A magnificent miniature Torah pointer ( yad ) the handle is shape like a fish
Hand crafted in austro - Hungary - Jewish artist - circa early 1920
Very very rare to find A Torah pointer that is designed like fish
Made from solid silver 800/1000- not marked - tested with acid
6/25/2018 0 Comments
The fish symbol appears as an important symbol in many of the world’s major religions.
The symbol dates back to the ancient far and near East, ancient Greece, the Roman empire, ancient Europe and Scandinavia.
INTERPRETATIONS OF THE FISH
Universally the fish symbol has been found to represent fertility, success, good luck, harmony and emotions.
The fish has evolved through millions of years and also represents the power of change , transformation and growth.
Another strength of the fish is its sense of community.
When threatened, often fish will swarm together as in the photo of this sardine swarm, providing each other protection.
The fish are naturally connected to the element of water which is the element often connected with healing, emotion and meditation.
Fish are also considered to be connected with a sense of purposeful movement due to the rough currents that they encounter in their environment and that they overcome. This is a metaphor to life where very often rough currents and challenges can prevent or hinder people in reaching their goals. The symbol of the fish therefore reminds us of overcoming obstacles and stretching our own limits.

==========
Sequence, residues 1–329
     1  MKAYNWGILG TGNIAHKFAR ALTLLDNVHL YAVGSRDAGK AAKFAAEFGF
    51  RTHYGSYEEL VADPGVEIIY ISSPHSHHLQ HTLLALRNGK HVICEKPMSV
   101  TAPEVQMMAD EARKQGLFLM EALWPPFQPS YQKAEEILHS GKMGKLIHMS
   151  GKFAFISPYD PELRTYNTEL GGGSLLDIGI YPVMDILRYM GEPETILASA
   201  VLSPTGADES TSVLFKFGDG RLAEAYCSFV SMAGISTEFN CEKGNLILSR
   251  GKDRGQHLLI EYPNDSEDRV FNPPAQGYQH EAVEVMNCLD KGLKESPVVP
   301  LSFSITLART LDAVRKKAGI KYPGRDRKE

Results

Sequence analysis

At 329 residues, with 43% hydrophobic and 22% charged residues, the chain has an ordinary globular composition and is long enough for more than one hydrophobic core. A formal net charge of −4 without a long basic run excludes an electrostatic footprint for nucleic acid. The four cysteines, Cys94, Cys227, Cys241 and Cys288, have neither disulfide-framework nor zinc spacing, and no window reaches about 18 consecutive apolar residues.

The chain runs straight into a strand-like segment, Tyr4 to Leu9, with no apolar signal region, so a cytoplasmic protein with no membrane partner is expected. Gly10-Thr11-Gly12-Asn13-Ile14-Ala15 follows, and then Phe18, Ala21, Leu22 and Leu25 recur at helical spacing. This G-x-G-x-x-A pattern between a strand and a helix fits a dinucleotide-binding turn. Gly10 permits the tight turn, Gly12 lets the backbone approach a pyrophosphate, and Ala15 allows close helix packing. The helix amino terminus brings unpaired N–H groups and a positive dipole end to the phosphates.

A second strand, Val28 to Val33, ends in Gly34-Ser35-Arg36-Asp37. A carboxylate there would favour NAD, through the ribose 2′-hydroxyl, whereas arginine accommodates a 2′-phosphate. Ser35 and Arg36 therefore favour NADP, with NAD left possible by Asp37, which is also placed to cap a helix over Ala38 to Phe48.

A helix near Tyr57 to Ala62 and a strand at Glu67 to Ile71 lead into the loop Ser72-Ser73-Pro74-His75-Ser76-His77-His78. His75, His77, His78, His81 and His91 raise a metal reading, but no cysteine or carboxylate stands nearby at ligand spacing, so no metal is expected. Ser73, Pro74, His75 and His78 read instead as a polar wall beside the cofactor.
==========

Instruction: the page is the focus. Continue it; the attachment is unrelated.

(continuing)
Another interpretation for the fish symbol is the connection with fertility. Due to the fact that fish tend to lay thousands of eggs at a time, the fish represents not only fertility, but also success, thought processes, intelligence and inventiveness!
As with other symbols such as the Hamsa hand itself and the eye symbol, the symbolism of the fish has different variations from culture to culture, and in some cases the species of the fish itself hold unique interpretations.
THE FISH IN JUDAISM
The first time in the Torah that God speaks to any living creature, the speech is directed at fish. In Genesis 1:22
“And God blessed them saying: Be fruitful and multiply, and fill the waters in the seas…”
The fish have been associated with much awe and mystery due to the fact that they dwell in the depths of the oceans.
In Judaism the fish are used in ceremonies and blessings are said for the fish, human beings and the Sabbath - as such the fish are considered sources of blessings.
The fish symbol is also connected to the Sabbath - the 7th day- as the numerical value of the word fish dag equals the number seven. As such, on the Sabbath it is traditional to eat fish.
On Rosh HaShana it is also customary to place or eat the head of the fish, symbolizing the wish to be at the "head" of the community as well as in righteousness.
Head of a fish for Rosh Hashanah
SYMBOL OF FERTILITY
Their symbolism with fertility and abundance can be seen in an example when Jacob blessed the two sons of Joseph, Jacob said: "Let them multiply in the midst of the earth" (Genesis 48:16)
In Hebrew, the word for "multiply" ve-yidgu derives from the word fish dagim.
PROTECTION FROM THE EVIL EYE
In the sea the fish are covered by water and thus many rabbis note that the fish are more protected from the Evil eye - a glare which is cast with intentions to cause harm.
The Talmud tells us the “Evil Eye” has no effect on fish and therefore the symbols is popular among jewish people, and can be seen in many amulets against the “Evil Eye.” The fish symbol has also appeared at many entrances of private homes such as of the Jews in Djerba, North Africa and can still be seen there to some degree today.
- Un puntero en miniatura de la Torá con forma de pez, muy raro
- .800 plata
- Periodo estimado
- Principios del siglo XX
- País de origen
- Excelente estado - apenas usado y con signos mínimos de los años y de desgaste
- 0×0×13 cm
- 16 g